Pittsburg, Texas

From Wikipedia, the free encyclopedia
Jump to navigation Jump to search
Pittsburg, Texas
Location of Pittsburg, Texas
Location of Pittsburg, Texas
Camp County Pittsburg.svg
Coordinates: 32°59′49″N 94°58′5″W / 32.99694°N 94.96806°W / 32.99694; -94.96806Coordinates: 32°59′49″N 94°58′5″W / 32.99694°N 94.96806°W / 32.99694; -94.96806
CountryUnited States
 • Total3.61 sq mi (9.35 km2)
 • Land3.60 sq mi (9.33 km2)
 • Water0.01 sq mi (0.03 km2)
394 ft (120 m)
 • Total4,497
 • Estimate 
 • Density1,304.36/sq mi (503.56/km2)
Time zoneUTC−6 (Central (CST))
 • Summer (DST)UTC−5 (CDT)
ZIP code
Area code903
FIPS code48-57908[3]
GNIS feature ID1344152[4]

Pittsburg is a city and the county seat of Camp County,[5] Texas, United States. As of the 2010 census, the city had a total population of 4,497. It is best known as the former home of the giant poultry producer Pilgrim's and the home of racing legend Carroll Shelby. Pittsburg is also the birthplace of Cavenders Boot City. It is also the hometown of Tennessee Titan Kendall Wright. In 1902, it was the site of an early flight attempt by the Ezekiel Air Ship Mfg Co.


The city is named after the family of William Harrison Pitts.[6] In 1996, the town changed its name to "Cowboys" for a few weeks in support of the Dallas Cowboys, who faced the Pittsburgh Steelers that year in Super Bowl XXX.[7]


Pittsburg is located at 32°59'49" North, 94°58'5" West (32.997029, -94.968044).[8]

According to the United States Census Bureau, the city has a total area of 3.3 square miles (8.5 km2), all land.


The climate in this area is characterized by hot, humid summers and generally mild to cool winters. According to the Köppen climate classification system, Pittsburg has a humid subtropical climate, abbreviated "Cfa" on climate maps.[9]


Historical population
Census Pop.
2019 (est.)4,697[2]4.4%
U.S. Decennial Census[10]

As of the census of 2000,[3] there were 4,347 people (5100 as a present estimate), 1,593 households (4530 as a present estimate), 150 rental apartments, 1,056 families living in the city, 25 Protestant churches, and 1 Catholic. The population density was 1,301.9 people per square mile (502.5/km2). There were 1,779 housing units at an average density of 532.8 per square mile (205.7/km2). The racial makeup of the city was 54.50% White, 27.97% African American, 0.30% Native American, 0.16% Asian, 0.05% Pacific Islander, 15.76% from other races, and 1.27% from two or more races. 23.86% of the population were Hispanic or Latino of any race.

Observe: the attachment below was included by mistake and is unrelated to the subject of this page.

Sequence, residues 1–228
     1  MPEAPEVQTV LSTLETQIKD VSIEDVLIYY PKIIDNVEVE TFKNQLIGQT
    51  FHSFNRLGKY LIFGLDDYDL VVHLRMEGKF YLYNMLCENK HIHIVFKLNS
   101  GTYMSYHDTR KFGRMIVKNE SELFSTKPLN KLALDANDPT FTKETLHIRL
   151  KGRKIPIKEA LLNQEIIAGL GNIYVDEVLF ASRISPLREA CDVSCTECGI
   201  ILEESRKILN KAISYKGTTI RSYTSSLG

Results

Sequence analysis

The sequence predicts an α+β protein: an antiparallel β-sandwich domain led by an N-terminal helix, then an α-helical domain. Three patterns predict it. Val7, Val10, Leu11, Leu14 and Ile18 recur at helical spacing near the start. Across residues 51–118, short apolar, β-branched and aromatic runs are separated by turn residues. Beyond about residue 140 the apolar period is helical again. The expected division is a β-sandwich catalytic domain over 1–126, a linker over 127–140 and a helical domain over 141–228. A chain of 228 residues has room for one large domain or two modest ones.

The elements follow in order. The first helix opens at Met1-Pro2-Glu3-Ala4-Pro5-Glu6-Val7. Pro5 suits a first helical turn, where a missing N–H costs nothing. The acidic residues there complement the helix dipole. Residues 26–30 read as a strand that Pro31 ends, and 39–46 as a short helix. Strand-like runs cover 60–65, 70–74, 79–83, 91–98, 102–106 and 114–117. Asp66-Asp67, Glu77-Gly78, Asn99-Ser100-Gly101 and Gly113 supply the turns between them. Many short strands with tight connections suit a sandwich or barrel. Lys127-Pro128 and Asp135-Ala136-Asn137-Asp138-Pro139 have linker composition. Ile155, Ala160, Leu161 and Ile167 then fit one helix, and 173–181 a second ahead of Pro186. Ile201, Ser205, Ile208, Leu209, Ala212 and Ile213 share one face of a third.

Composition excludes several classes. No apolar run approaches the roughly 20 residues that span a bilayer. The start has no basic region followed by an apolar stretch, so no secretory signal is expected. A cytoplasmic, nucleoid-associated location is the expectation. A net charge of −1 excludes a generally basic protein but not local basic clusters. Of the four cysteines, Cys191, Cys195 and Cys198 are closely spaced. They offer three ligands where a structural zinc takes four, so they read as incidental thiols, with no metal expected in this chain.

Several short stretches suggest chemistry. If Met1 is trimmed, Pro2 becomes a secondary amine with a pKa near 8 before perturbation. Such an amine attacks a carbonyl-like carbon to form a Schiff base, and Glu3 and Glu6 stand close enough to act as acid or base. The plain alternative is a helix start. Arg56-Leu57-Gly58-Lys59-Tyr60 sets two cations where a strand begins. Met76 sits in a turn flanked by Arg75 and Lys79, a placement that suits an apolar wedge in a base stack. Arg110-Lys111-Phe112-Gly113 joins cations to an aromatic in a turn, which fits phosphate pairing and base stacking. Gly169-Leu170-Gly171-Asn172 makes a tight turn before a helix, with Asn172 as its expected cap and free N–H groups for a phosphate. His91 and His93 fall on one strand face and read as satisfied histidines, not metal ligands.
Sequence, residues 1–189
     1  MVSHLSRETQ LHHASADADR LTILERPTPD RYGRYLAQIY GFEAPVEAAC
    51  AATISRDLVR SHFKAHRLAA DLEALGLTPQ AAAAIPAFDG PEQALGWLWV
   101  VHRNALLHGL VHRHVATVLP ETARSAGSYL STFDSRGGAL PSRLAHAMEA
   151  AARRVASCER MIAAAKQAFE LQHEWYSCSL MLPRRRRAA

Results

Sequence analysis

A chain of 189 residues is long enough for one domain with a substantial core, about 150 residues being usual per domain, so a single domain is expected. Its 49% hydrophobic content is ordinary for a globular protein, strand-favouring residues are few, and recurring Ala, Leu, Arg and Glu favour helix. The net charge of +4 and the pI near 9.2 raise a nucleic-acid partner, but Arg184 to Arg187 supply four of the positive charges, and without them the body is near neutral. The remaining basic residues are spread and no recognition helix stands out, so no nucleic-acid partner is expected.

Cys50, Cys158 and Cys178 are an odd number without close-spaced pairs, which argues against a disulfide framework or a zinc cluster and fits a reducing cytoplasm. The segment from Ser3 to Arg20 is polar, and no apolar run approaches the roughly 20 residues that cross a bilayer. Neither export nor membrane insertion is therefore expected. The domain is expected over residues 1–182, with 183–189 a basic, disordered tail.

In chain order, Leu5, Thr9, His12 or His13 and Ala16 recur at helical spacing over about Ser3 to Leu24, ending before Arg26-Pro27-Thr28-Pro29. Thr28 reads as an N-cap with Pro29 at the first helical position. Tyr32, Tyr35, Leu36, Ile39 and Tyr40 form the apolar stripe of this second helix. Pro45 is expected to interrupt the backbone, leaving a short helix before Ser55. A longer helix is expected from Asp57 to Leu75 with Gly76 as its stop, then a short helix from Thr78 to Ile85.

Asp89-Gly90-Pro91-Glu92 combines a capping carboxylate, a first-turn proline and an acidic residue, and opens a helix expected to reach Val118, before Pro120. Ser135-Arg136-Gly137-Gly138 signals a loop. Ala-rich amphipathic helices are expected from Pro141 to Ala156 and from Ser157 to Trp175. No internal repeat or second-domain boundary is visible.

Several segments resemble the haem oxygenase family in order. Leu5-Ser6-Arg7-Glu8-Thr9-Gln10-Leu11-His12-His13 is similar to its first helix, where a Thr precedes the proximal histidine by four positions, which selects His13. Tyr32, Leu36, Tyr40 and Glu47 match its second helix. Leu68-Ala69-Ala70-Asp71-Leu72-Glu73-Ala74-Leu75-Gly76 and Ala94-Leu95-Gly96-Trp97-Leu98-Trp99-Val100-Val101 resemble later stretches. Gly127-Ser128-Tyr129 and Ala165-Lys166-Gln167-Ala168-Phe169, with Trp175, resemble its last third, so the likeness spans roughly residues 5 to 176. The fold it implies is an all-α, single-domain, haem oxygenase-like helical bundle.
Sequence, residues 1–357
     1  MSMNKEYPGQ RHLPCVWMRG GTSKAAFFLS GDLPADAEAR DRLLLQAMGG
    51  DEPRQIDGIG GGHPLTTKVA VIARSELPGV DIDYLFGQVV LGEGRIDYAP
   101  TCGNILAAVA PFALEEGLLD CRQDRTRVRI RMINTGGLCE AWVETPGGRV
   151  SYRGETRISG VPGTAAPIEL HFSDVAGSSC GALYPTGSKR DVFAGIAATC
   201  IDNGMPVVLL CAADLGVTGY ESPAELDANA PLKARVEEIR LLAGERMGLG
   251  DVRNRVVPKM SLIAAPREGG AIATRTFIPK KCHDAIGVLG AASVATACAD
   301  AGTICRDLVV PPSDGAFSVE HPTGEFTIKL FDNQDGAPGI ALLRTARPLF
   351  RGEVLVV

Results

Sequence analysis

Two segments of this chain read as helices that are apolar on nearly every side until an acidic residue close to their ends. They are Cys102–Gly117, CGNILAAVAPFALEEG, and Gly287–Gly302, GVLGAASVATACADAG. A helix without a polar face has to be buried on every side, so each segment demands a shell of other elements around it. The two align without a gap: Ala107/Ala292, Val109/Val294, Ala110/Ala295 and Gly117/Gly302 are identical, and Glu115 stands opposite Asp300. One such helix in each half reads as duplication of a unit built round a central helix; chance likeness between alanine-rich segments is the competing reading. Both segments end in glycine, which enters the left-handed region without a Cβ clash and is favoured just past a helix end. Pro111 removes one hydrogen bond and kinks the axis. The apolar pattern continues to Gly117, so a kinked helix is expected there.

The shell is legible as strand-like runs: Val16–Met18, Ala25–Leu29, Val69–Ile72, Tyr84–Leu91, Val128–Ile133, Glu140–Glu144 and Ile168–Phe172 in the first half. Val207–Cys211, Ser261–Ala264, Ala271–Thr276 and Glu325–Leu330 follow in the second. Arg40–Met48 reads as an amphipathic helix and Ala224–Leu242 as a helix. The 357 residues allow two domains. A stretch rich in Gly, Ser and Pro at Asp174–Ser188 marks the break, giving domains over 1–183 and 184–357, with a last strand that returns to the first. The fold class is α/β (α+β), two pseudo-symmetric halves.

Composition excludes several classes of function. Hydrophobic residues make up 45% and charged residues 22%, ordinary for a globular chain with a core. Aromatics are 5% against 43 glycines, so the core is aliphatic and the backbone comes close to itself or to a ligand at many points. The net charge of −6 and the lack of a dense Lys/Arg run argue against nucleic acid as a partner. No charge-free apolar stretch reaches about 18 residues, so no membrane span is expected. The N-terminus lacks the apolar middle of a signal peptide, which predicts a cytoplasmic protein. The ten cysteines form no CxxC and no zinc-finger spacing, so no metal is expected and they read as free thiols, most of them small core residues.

There were 1,593 households, out of which 34.5% had children under the age of 18 living with them, 42.7% were married couples living together, 19.3% had a female householder with no husband present, and 33.7% were non-families. 29.9% of all households were made up of individuals, and 15.7% had someone living alone who was 65 years of age or older. The average household size was 2.63 and the average family size was 3.24.

In the city, the age distribution of the population shows 30.0% under the age of 18, 9.5% from 18 to 24, 25.5% from 25 to 44, 17.9% from 45 to 64, and 17.0% who were 65 years of age or older. The median age was 32 years. For every 100 females, there were 87.5 males. For every 100 females age 18 and over, there were 79.3 males.

The median income for a household in the city was $24,789, and the median income for a family was $28,398. Males had a median income of $28,750 versus $20,042 for females. The per capita income for the city was $14,882. 27.7% of the population and 23.8% of families were below the poverty line. Out of the total population, 38.8% of those under the age of 18 and 14.1% of those 65 and older were living below the poverty line.

Pittsburg is located in the geographic center of northeast Texas in the I-30 corridor, on US Highway 271 and SH 11, ten minutes south of I-30 and forty-five miles from I-20.


The city of Pittsburg is served by the Pittsburg Independent School District and home to the Pittsburg High School Pirates.

Notable people[edit]

"Our Famous People" display at Pittsburg's Northeast Texas Rural Heritage Center and Museum


  1. ^ "2019 U.S. Gazetteer Files". United States Census Bureau. Retrieved August 7, 2020.
  2. ^ a b "Population and Housing Unit Estimates". United States Census Bureau. May 24, 2020. Retrieved May 27, 2020.
  3. ^ a b "U.S. Census website". United States Census Bureau. Retrieved 2008-01-31.
  4. ^ "US Board on Geographic Names". United States Geological Survey. 2007-10-25. Retrieved 2008-01-31.
  5. ^ "Find a County". National Association of Counties. Retrieved 2011-06-07.
  6. ^ Pittsburg from the Handbook of Texas Online.
  7. ^ "Texas Town Changing Its Name To Support Cowboys." Associated Press. http://www.apnewsarchive.com/1996/Texas-Town-Changing-its-Name-to-Support-Cowboys/id-7fda3249bd8cad2453e8fa4e3131922d Published Jan. 19, 1996. Retrieved Dec. 5, 2016.
  8. ^ "US Gazetteer files: 2010, 2000, and 1990". United States Census Bureau. 2011-02-12. Retrieved 2011-04-23.
  9. ^ Climate Summary for Pittsburg, Texas
  10. ^ "Census of Population and Housing". Census.gov. Retrieved June 4, 2015.
  11. ^ "Finding Her Voice" Archived 2009-02-05 at the Wayback Machine. – Harlem Opera Theater. – (Microsoft Word *.DOC document)
  12. ^ New York Times Obituary November 2, 2010

External links[edit]